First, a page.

When looking back at this series, two things stand out most about the 2009 Eastern Conference Finals between the Cleveland Cavaliers and the Orlando Magic. First is the small-ball dominant lineups that Orlando would employ to take out the top-ranked Cavs and eventually change the way the game is played today. Second, of course, is the game-winner from LeBron in Game 2.
What people don't talk about when reminiscing of this series is the level of play that LeBron was at over the course of these six games. Buzzer beater aside, LeBron was a one-man wrecking crew in this series, doing all that he could do possibly do to win, yet coming up short. Comparisons to this past year's Finals would seem valid, except the fact that the Cavs were the favorite and that LeBron was super-duper efficient this series.
That last part is crucial, mainly because efficiency is a very important part in the value of a player, but also because his Game 1 performance was out-of-this-world good. As in, "he took 30 shots and made 66.7 percent of those shots" good. Since 1985, only four other players have taken 30 shots and have made 66.7 percent of them in a playoff game, all of whom are currently in the Hall of Fame.
Look at it this way: in this year's Finals, LeBron took at least 30 shots five times in this year's Finals, and exactly zero of those times did he shoot above 50 percent from the field. Yes, the talent around LeBron was better in the 2009 ECF than in the 2015 Finals. Yes, 2015 Golden State was a better team than 2009 Orlando. But the lack of talent was still there in 2009 and the both Golden State and Orlando were the top-tanked defense in their respective years.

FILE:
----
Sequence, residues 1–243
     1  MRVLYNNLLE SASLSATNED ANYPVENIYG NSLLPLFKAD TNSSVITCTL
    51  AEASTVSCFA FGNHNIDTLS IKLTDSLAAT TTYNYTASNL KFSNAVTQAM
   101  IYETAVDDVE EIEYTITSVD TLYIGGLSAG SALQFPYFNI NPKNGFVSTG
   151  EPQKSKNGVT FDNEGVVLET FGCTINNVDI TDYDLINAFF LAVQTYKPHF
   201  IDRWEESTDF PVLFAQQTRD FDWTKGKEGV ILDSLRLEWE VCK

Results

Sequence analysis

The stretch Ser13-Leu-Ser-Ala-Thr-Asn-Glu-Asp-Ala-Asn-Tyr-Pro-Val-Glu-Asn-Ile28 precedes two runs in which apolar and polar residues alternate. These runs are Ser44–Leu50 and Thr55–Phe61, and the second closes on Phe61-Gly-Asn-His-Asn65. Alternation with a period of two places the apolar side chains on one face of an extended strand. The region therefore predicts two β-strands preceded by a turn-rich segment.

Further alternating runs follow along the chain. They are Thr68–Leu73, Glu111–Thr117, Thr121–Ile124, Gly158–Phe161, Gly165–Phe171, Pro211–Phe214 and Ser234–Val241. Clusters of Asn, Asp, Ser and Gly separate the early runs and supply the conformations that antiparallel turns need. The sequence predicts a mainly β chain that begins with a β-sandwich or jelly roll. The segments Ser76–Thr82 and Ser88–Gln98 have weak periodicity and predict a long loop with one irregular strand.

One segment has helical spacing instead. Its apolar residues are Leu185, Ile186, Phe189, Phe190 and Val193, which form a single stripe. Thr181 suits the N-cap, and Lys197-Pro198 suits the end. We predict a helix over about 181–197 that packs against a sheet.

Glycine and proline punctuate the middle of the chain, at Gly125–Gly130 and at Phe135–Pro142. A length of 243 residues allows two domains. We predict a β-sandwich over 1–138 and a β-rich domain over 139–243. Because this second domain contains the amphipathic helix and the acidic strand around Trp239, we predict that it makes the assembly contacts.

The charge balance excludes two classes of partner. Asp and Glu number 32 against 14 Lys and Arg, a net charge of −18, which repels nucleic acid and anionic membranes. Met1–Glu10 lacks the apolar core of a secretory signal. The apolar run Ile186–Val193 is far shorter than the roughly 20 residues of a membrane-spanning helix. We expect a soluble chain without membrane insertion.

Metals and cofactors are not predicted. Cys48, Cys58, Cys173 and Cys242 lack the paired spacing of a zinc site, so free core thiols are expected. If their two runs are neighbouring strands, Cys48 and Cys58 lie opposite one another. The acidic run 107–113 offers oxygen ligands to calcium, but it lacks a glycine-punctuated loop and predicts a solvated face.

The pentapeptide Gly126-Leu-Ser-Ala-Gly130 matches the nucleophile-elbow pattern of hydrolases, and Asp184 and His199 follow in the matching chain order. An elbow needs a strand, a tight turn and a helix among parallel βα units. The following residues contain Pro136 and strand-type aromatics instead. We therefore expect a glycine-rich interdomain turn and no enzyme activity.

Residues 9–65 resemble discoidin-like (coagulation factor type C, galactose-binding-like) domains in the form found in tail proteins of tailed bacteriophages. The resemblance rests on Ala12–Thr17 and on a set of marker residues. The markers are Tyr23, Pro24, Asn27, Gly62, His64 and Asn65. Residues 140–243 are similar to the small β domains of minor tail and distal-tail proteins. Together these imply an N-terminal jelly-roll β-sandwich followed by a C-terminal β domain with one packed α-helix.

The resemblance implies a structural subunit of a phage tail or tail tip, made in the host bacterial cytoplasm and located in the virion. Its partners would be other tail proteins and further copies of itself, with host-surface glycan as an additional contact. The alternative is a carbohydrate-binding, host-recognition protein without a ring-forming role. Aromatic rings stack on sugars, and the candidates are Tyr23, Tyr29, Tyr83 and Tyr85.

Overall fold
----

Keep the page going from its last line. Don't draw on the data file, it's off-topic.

Not only is putting up an insane field goal percentage against the best defense in the league extremely impressive, but also is the 49 points, six rebounds, eight assists, three blocks and two steals that went along with that. Since 1985, no one else has achieved that statline in a playoff game.
The fact this game is rarely brought up when speaking about LeBron is not surprising. The Cavs were heavy favorites and lost the series, and little does history reward the losers. However, this was no ordinary performance. This was a performance that few have ever seen. This was LeBron at the peak of his talents doing things only he can do.
LeBron's not the only player to play well in losses. In fact, the player he is most compared to has one of the greatest performances in a playoff loss of all-time, if not the greatest. The circumstances were vastly different between Jordan's and LeBron's game, but they were each great in there own rights. And to be fair, LeBron's game is right behind Jordan's in terms of game score.
Even though there are more memorable outcomes from this series, the level that LeBron performed at in Game 1 should not be washed away over the years.